The bankruptcy of Caesars Entertainment Corp.'s debt-heavy subsidiary has racked up nearly $47 million in professional fees and expenses in about 4 1/2 months.
The Associated Press reviewed billings from 18 law firms, financial advisers, consultants and the casino company's creditors between Jan. 15 and May 31, including one from a law firm that noted it cost $16,367 to prepare its own bill. Another firm's invoice includes billing for a paralegal who earned $133,490 in that time.
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And that's with discounts, in several cases.
In filing for bankruptcy in mid-January, Caesars Entertainment Operating Co. has been trying to shed about $10 billion of its $18.4 billion in debt. But the complex case has already involved fights over picking a court, the timing of its filing, brokering a deal with different creditors and fending off litigation from some of them at the same time.
The company is due in Chicago bankruptcy court on Wednesday for what could be a pivotal ruling that would either halt lawsuits against the subsidiary's parent company, Caesars Entertainment Corp., or let the litigation proceed, potentially imperiling that company's finances, too.
On Monday, Caesars Entertainment Operating Co. announced that it had brokered an agreement to get second-lien creditors on board with its restructuring plan, but it needs at least half of the creditors to sign on.
All the legal-wrangling has meant more experts and lawyers being paid for more hours, including the time to travel to and from hearings. The bankrupt company is on the hook for all of the expenses after a court-appointed fee committee reviews them and the court approves them.
"It's gotten to that number faster than I would have even expected," said Emmanuel Grillo, a partner in the bankruptcy practice of Baker Botts who in March predicted the cost would easily pass $100 million. His firm isn't involved in the case, but it has handled complex corporate Chapter 11 bankruptcies.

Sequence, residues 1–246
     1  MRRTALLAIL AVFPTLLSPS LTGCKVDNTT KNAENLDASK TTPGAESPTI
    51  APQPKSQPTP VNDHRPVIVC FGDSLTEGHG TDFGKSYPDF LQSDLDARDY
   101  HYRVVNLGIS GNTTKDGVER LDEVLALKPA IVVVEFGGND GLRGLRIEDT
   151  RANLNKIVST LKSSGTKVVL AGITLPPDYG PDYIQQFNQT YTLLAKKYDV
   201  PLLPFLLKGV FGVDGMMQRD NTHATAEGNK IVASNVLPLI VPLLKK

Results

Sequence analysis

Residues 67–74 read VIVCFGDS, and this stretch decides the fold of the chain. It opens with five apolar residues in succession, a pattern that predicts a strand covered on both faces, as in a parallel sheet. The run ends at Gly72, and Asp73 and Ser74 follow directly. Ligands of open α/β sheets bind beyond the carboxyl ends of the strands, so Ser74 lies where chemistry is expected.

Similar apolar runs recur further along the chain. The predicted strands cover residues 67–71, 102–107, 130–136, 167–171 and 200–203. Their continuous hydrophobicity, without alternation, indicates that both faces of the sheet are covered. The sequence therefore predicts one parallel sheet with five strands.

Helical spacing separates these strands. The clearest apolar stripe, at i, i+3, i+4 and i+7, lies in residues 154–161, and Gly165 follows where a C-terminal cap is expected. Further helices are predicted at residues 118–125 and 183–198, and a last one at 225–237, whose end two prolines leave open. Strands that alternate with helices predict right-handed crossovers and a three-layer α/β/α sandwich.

To put Caesar's pace of bankruptcy-related bills in context, the massive Lehman Brothers bankruptcy produced a $1.6 billion bill for fees during its 4 1/2 years in court. The Tribune Co. bankruptcy cost nearly $500 million in fees.
Looking at every request, from $20 worth of tips or $480 in parking to thousands of dollars for airfare and lodging, is the fee committee led by Nancy Rapoport with the William S. Boyd School of Law at the University of Nevada, Las Vegas and a team of students.
The court has said there won't be any reimbursement for local meals or local travel. In many cases, the professionals have volunteered to discount their billings by 10 or 20 percent.
"It's a lot of money," Rapoport said of the amount so far. But too soon to tell if it's any more than any other complex bankruptcy, she said.
Rapoport also said some of the costs may have stacked up even if the company hadn't filed for bankruptcy. It still needs to make regular securities filings, for example.
"That doesn't stop while you're in bankruptcy," she said.
It's not unusual to see massive billings like the more than 1,900 pages submitted by the company's lead attorney Kirkland & Ellis in cases like these because professionals are billing in tenths of an hour, Rapoport said.
At a hearing in late March, more than 200 interested parties — the majority of them lawyers and legal aides — packed into a Chicago federal building's largest courtroom where the case was moved to accommodate the sheer number of participants. The wood-paneled 25th-floor room is typically used for ceremonies swearing in judges and new American citizens. It has also been used for especially high-profile hearings, including the 2011 sentencing of former Illinois Gov. Rod Blagojevich for trying to sell President Obama's vacated U.S. Senate seat.
At the Caesars hearing, attorneys filing the gallery benches sat with filings piled up on their laps, many scribbling notes.
U.S. District Judge Benjamin Goldgar sought to dissuade lawyers from filing unnecessary documents in the case, telling those gathered at that hearing he and his staff are already buried reading printouts in his chambers. "I will tell you I have never seen so much paper in my life," he said.
Associated Press reporter Michael Tarm in Chicago contributed to this report.